"All of those guys have an iron will": Roland Lazenby on writing Michael Jordan, Magic Johnson, Kobe and Jerry West's biographies (Exclusive)

Roland Lazenby exclusive interview on his Magic Johnson biography
Roland Lazenby exclusive interview on his Magic Johnson biography

Of course, the in-depth biography details the role Magic Johnson played with revitalizing the NBA, winning five championships with the Los Angeles Lakers and becoming arguably the league’s best point guard of all time. But as longtime NBA writer Roland Lazenby details in “Magic: The Life of Earvin ‘Magic’ Johnson,” the future Hall-of-Famer faced strong skepticism on how he would fare as the Lakers’ No. 1 pick in the 1979 NBA Draft.

“Nearly every basketball mind in America was questioning how Magic Johnson would be able to make it in the NBA,” Lazenby told Sportskeeda. “That included Magic himself. He wasn’t sure. He didn’t have a lot of confidence about it. Dr. Jack Ramsey, Portland’s coach, didn’t think he could be an NBA point guard. Jerry West had his serious doubts.”

Why all the skepticism on whether Johnson had the Magic touch?

“It was just hard to see where he would play in the NBA,” Lazenby said. “He had that high dribble and a little bit of a weak left hand as Jack Ramsey pointed out. He didn’t have a great jump shot. He shot more of a set shot. People loved his enthusiasm, but you just couldn’t project him.”

History will show that Johnson proved those projections to be grossly incorrect. Lazenby’s 778-page biography on Johnson, slated for an Oct. 24, 2024 release, details that journey beginning with his upbringing in Lansing, Mich., becoming an intriguing prospect at Michigan State and the Lakers and morphing into a successful businessman following his abrupt retirement in 1991 after testing positive for HIV. Lazenby spoke to Sportskeeda about those topics and more.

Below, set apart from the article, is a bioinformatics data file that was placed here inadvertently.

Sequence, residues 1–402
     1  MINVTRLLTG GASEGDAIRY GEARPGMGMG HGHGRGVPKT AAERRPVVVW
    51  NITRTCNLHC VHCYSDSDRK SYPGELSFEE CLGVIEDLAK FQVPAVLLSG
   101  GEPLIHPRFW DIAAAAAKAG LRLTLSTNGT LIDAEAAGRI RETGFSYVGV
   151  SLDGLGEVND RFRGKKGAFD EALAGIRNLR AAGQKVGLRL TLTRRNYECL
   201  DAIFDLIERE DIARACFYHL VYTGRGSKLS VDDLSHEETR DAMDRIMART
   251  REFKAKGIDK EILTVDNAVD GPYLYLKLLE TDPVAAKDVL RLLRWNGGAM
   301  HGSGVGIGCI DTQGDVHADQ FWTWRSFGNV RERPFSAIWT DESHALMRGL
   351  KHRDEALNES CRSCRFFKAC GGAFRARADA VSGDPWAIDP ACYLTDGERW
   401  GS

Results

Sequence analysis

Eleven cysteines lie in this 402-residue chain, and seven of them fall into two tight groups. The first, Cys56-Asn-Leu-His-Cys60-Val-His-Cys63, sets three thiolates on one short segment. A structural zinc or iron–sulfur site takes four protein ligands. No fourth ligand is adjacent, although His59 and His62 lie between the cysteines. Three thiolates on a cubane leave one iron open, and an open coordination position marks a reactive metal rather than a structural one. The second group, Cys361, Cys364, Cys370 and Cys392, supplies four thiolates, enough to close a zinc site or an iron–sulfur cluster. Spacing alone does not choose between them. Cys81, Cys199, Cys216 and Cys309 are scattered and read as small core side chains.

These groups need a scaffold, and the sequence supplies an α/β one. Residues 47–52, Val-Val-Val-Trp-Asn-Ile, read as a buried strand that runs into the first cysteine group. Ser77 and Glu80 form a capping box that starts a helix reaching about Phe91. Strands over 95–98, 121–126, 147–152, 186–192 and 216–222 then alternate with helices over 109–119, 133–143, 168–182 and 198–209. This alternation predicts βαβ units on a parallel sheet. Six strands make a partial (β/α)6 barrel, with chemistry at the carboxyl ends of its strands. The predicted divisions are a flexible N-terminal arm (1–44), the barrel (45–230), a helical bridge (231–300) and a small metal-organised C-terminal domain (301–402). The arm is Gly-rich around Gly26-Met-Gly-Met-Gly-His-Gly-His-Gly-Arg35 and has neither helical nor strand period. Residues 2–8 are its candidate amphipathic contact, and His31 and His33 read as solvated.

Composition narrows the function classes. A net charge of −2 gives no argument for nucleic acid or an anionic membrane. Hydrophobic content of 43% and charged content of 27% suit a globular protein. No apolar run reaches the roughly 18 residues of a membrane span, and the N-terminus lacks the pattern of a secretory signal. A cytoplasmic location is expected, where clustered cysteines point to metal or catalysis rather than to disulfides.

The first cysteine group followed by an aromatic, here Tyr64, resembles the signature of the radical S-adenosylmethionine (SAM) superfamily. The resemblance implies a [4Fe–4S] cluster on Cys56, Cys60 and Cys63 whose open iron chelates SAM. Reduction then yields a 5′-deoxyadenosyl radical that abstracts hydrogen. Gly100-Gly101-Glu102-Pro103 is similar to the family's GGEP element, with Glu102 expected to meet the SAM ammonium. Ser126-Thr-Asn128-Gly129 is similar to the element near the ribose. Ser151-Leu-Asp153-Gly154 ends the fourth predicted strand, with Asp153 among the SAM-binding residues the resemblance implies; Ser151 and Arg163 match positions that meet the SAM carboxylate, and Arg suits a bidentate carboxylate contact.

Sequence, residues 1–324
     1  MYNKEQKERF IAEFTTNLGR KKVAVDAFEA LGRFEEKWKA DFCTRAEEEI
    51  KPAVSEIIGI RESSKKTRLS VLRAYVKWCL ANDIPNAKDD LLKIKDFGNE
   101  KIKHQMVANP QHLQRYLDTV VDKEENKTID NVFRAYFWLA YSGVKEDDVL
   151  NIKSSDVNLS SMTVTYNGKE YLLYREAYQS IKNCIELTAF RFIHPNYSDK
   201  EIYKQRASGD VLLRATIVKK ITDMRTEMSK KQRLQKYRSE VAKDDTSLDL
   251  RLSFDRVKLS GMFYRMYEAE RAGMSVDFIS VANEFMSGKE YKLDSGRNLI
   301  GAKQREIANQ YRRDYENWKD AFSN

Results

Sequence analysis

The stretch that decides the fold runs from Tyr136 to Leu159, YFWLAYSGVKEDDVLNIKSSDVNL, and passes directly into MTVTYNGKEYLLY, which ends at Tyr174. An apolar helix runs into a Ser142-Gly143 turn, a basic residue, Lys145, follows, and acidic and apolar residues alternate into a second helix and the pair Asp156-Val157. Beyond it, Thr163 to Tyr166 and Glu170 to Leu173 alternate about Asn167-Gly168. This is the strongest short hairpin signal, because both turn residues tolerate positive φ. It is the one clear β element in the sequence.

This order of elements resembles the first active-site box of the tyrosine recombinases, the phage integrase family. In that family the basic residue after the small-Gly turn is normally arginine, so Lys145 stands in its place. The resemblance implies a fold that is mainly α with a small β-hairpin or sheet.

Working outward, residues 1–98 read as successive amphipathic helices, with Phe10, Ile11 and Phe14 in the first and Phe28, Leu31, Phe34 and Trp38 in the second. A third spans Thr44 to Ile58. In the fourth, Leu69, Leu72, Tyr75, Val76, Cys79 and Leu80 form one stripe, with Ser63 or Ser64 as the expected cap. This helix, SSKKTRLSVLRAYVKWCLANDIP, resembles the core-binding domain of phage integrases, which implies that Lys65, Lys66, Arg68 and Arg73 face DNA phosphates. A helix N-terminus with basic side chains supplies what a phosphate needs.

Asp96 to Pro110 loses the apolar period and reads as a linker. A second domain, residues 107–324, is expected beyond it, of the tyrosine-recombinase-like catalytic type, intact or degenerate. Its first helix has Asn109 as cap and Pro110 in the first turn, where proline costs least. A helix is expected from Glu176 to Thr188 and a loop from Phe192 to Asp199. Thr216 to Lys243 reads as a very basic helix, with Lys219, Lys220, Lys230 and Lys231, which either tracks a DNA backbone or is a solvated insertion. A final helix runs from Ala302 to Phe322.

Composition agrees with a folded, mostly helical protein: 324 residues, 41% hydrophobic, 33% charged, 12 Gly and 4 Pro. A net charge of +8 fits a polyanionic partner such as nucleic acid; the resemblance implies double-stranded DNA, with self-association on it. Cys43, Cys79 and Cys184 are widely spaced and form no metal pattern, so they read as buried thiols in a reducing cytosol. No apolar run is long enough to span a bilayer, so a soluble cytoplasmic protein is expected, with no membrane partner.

Editor’s note: The following one-on-one conversation has been edited and condensed.

What stories in the book most stuck with you?

Lazenby:

“My effort here was to tell a lot of the unreported story of Magic Johnson and just exactly what went on in Lansing, Mich. I encountered some great kids. But in all of these interviews I did with his coaches, advisors and teammates, Magic Johnson is an extraordinary person today and as a teenager. He had some reading issues and other things that could’ve held him back. But he is without a doubt one of the most remarkable adolescents that I’ve encountered. It has been a joy to go back and put together all of the things he did in those formative years in his life.”

"He went into his sophomore year at Lansing just a few days after he turned 15. There was all of this racial trouble in Lansing and at Everett High School. They were in the process over several years of busing students to achieve racial integration. Magic was identified before he ever played a minute of basketball for the high school. He was identified as the school administration as someone they would need to further the cause of integration and to calm all of the violence that plagued the busing and integration process. Magic, himself, protested when the principal informed him that he would play a role. Magic said, ‘I just got here to this school. How am I going to do that?’ The principal responded, ‘You’re going to figure it out.” Earvin did.”